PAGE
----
Just Ponderin’... on the totally extraordinary ordinary

Wed, 08/29/2018 - 10:00am

About this blog:

  • Just Ponderin’ will celebrate its tenth anniversary in August of 2022 and now (pinch us!) has thousands of followers from all around the world, including many who love and/or have connections to Maine. JoHn and I made a small island off of Boothbay Harbor our full-time home in 2017 and still can’t believe we get to live here. We now share our nearly 200 year-old home with a German ShepHerd harboring a royalty complex (HRH The Princess Bunny Blaze), and a new-to-us Second Hand Dog all the way from Oklahoma (Belle/Belle-ah). I’m thrilled to have Just Ponderin’ included in the Boothbay Register and Wiscasset Newspapers. Just Ponderin’ is chock full of observations on - and celebrations of - the ordinary and extraordinary bits of everyday life.  If you want to get in touch, give me a shout at lisadingle@justponderin.com. And feel free to visit justponderin.com. I’d love that. Thanks for readin’. - Lisa 

And there it was.

A tomato, peeking out from behind a velvety green leaf.




And me?

Well, I was dancing.

Alone in the early morning light of my first little I-can-eat-what-I-grow garden where I'd planted exactly one type - and one variety of said type - of vegetable.

I'd broached the idea with my friend, Chris, this past winter. Chris is a crazy good and experienced gardener, capable of not killing both flowers and delicious, edible fruits and vegetables.

Chris was certain that I could also not kill fruits and vegetables... in that way that people who are very certain that - since they are good at and/or enjoy something, you will be too.

Like skiers.

They are always so certain that I will like skiing 'once I get out there', where I will commence with screaming down a mountain at warp speed in sub-zero temperatures. 

But I felt that growing produce might not be so life threatening to me. And, since the poor vegetables really wouldn't have a voice in any of this (because, no voice box), the only resistance would have been put up by me.

And Chris was so sure!

So we settled on one crop, and that was to be tomatoes.

She even gave me the little baby plants!

At the very beginning of June, she handed me two tiny little plastic pots, each containing a single stem and round about six leaves.

Early the next morning, I dug two little holes and planted both babies. And, per the instructions on the side of a gallon-sized plastic bag with big, beautiful red tomatoes emblazoned on its side, I sprinkled exactly 1/4 cup of tomato food around each plant.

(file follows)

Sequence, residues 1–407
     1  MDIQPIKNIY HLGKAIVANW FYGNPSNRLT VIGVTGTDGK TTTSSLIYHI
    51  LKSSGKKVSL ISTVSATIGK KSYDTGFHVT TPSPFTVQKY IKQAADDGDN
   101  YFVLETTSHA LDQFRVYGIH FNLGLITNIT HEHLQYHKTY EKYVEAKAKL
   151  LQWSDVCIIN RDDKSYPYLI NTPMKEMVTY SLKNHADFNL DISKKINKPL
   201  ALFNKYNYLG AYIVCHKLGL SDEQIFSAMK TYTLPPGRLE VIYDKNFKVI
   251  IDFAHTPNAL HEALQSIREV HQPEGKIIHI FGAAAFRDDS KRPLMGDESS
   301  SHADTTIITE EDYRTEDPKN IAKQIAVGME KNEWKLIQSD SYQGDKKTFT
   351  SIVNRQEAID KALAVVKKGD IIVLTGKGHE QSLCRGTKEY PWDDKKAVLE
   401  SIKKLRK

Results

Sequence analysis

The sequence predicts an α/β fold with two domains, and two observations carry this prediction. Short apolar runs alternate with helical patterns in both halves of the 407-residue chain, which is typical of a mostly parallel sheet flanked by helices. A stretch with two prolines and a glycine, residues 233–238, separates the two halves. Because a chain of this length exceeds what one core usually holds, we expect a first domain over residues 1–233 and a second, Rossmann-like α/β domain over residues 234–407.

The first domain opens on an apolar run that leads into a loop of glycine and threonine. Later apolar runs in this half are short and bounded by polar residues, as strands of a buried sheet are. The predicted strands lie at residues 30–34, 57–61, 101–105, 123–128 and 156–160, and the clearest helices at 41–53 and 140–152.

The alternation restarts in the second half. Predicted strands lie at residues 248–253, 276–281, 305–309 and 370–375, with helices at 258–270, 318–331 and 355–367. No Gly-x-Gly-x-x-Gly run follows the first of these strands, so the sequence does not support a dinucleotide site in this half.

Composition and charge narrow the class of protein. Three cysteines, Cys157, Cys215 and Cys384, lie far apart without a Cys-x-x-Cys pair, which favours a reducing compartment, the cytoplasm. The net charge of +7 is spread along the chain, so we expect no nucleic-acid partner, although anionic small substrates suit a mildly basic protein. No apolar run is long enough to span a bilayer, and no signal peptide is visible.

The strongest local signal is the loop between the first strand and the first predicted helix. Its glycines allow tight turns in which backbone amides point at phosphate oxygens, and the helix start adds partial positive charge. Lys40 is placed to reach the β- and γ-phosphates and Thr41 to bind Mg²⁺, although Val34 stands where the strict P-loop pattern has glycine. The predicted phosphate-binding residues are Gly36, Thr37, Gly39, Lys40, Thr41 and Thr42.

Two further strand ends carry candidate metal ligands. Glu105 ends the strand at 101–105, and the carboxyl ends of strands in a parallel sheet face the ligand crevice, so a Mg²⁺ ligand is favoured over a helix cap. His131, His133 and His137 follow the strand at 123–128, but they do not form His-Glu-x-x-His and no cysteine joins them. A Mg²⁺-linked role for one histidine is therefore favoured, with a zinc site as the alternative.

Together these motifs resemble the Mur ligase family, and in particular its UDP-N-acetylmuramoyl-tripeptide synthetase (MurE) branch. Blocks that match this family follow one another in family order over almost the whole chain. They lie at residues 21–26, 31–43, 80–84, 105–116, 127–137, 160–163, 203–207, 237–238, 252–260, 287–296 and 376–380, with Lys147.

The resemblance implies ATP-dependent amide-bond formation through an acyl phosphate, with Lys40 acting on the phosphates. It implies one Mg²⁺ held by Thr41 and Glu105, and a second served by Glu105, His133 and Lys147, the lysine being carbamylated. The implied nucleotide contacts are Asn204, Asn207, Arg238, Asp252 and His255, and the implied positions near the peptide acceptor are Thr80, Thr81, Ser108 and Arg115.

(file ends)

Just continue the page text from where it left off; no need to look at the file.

And watered thoroughly.

And placed a pretty climbing cage over each tomato toddler.

And then... The Waiting.

Every morning I would go out and water my little tomato plants, and talk to them in a kind and coaxing manner.

And then lots of days passed.

And then weeks.

And then, one morning, the complaining started.

"My tomato plants aren't working." I announced to Chris during a morning walk, "I'm doing something wrong."

"No you aren't. Just wait." She said, with the pleasance of a saint.

Didn't she know who I WAS?!

I have no patience, and I always forget to water my plants. So, after weeks of daily waterings and talkings, I was mildly frustrated at the fact that my little plants had grown, maybe, a few inches. My reasoning was that I had pulled approximately thirteen thousand weeds, including vines, in that time, and those vines were growing feeteach day!

A few measly inches of tomato growth seemed, somehow... disrespectful.

More weeks went by and I complained to Chris again.

"Not even one tiny hint of a tomato." I said one day while we were in her yard. "LOOK! You have, like EIGHT! All I have are stupid little yellow flowers. Should I pinch them off?"

Chris laughed.

"Uh. No." She said with authority and also pity, "Those flowers are your tomatoes. Each flower is the beginning of a tomato!"


I was so excited.

I had a LOTof flowers on my little tomato plants.

I went home that day and told my plants that they were doing great, and that I was sorry I'd suggested they were ingrates.

One early morning, the first small green orb made itself known.

A few more appeared that week.

They grew, and more little ones appeared.

Two weeks ago, I wondered out loud when they would turn red (some were very big). And, sure enough, Chris said, "Just wait. It will happen."

I know. The Yodas of the world. They can make you feel calm... or stabby.

Well, last week I took the photo above.

I'd headed out one morning with my big watering can, and there it was.

A gift from the earth that I had urged, encouraged... pressured, threatened... and sprinkled with water and wonder.

I gasped and did a little jig.

I called to JoHn.

I ceremoniously picked my tomato and cradled its ripened redness in the palm of my hand and showed it to him.

Sure, I know.

People grow them all the time.

Bazillions of them show up every year without fanfare.

This was not the world's first, nor greatest tomato.

But it was mine.


Thanks for readin' (and thanks, Chris!)

To comment, you can join fellow ponderers on Just Ponderin's Facebook page... or come on over to justponderin.com... or write to Lisa at lisadingle@justponderin.com (totally up to you, you have all the power :))